What you need

  • Two cardboard boxes (you could try a cereal box)
  • Sticky tape and scissors
  • Felt tip, pen or pencil
  • Watercolours or poster paint (if paint is tricky to find you could use a glue stick and coloured paper, or felt tips)
  • Paintbrush and water
  • A plate to mix paint on

Inspiration

Phyllida Barlow, ‘untitled: upturnedhouse2, 2012’ 2012
Phyllida Barlow
untitled: upturnedhouse2, 2012 2012
ARTIST ROOMS Tate and National Galleries of Scotland
© Phyllida Barlow

Sculptor Phyllida Barlow uses lots of everyday materials for her sculptures. She uses things from the house like wood and carpet, as well as things you might use to do DIY, like foam, concrete and polystyrene. She also often takes her sculptures apart and reuses the pieces to make something new.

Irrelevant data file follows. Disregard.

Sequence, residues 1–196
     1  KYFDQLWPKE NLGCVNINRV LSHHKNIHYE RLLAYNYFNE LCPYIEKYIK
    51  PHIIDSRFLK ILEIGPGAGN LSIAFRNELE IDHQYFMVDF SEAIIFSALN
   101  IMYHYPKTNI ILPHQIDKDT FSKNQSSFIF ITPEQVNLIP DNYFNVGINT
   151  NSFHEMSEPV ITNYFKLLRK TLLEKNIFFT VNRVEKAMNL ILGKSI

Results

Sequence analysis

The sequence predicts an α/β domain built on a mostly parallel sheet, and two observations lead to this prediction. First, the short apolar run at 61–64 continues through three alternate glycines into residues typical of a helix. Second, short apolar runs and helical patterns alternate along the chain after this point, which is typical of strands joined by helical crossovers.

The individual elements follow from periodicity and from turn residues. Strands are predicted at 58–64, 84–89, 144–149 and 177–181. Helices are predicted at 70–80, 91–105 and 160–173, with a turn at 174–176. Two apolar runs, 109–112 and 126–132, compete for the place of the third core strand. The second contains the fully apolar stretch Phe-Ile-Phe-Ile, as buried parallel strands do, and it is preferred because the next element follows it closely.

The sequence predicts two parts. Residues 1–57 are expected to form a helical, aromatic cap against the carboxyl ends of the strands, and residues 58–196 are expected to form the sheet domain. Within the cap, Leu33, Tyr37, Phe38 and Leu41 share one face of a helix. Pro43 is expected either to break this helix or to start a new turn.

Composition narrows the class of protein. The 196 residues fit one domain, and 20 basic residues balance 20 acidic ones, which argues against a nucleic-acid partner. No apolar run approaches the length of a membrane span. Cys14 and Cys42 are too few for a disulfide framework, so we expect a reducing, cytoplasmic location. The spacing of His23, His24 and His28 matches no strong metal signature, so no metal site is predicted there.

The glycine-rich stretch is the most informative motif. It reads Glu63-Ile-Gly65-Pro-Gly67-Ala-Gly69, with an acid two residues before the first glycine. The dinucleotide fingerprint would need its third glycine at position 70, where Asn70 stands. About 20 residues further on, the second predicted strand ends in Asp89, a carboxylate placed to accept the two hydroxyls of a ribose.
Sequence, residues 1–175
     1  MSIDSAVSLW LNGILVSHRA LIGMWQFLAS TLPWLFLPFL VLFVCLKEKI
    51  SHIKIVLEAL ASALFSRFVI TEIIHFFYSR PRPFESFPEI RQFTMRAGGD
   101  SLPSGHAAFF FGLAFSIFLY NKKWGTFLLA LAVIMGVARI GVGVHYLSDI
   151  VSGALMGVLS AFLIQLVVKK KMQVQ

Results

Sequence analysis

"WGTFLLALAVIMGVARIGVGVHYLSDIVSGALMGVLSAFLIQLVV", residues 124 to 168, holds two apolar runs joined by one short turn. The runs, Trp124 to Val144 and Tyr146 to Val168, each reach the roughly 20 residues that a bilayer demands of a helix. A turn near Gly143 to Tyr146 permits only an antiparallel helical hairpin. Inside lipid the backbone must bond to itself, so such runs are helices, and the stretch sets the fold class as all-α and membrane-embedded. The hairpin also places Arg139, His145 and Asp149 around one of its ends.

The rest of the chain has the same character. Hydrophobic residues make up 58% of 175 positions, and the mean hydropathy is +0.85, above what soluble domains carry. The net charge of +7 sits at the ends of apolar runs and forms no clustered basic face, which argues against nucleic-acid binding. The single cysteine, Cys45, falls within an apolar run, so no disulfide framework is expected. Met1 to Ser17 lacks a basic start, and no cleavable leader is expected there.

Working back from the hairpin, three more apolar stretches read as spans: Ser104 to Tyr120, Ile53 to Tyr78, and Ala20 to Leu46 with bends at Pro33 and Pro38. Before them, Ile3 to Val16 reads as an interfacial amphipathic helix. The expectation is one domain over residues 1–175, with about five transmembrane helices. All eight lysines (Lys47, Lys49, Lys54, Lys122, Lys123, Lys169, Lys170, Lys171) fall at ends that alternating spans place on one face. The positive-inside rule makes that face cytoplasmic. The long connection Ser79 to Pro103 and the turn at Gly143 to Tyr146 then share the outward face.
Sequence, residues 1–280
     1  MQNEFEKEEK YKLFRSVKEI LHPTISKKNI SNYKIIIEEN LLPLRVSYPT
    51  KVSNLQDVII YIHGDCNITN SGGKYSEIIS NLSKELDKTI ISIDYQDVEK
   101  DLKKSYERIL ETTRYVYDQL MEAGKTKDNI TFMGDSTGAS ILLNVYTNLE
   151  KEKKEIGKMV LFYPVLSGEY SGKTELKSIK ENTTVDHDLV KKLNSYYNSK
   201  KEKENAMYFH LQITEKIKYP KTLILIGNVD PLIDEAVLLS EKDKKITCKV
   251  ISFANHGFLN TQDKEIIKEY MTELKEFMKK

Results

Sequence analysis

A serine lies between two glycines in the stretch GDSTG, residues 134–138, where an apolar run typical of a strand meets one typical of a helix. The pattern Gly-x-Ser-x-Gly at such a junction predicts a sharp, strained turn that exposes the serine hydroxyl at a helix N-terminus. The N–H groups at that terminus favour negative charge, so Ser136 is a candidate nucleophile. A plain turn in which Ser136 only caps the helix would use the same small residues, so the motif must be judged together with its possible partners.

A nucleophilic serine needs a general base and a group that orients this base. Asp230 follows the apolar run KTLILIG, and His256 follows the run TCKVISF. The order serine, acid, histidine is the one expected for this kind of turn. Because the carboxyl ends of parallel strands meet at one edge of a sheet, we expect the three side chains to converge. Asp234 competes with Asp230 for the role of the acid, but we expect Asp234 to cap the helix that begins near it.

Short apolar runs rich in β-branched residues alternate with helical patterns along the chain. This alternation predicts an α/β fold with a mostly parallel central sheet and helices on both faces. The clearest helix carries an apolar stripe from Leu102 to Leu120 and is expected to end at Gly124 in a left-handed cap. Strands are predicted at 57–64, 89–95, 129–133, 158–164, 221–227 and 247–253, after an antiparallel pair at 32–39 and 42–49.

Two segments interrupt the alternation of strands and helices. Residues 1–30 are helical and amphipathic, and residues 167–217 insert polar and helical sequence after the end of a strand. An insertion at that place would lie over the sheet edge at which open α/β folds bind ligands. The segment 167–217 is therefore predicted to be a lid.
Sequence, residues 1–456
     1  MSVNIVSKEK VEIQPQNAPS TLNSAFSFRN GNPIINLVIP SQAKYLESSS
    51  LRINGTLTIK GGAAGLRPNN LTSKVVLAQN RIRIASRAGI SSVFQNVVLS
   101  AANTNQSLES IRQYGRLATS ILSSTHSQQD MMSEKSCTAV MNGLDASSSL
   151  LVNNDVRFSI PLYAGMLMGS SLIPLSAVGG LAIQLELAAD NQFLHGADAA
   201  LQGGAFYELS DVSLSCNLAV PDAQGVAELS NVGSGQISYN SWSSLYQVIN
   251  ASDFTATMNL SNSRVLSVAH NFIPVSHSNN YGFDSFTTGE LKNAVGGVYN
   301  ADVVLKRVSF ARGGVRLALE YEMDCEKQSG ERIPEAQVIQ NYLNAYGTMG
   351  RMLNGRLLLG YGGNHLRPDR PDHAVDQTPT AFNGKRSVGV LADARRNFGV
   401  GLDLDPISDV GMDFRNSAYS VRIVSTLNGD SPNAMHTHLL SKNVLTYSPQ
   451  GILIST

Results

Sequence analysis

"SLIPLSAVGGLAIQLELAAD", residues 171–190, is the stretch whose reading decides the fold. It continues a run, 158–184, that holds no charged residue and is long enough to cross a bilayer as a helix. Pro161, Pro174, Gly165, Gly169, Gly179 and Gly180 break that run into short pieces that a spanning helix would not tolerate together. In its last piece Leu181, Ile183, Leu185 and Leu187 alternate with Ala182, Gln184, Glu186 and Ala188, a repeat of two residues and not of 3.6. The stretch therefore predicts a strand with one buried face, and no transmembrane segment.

We've taken inspiration from her work, untitled: upturnedhouse2 for our cardboard box sculpture. What words would you use to describe it?

Barlow often layers materials on top of one another and cuts or breaks the sculptures she's made to see how they look afterwards.

Once you've made your sculpture, try taking it apart and remaking it into a different shape. You could also drop it on the floor or cut some of it away. How does that feel? What happens to the sculpture?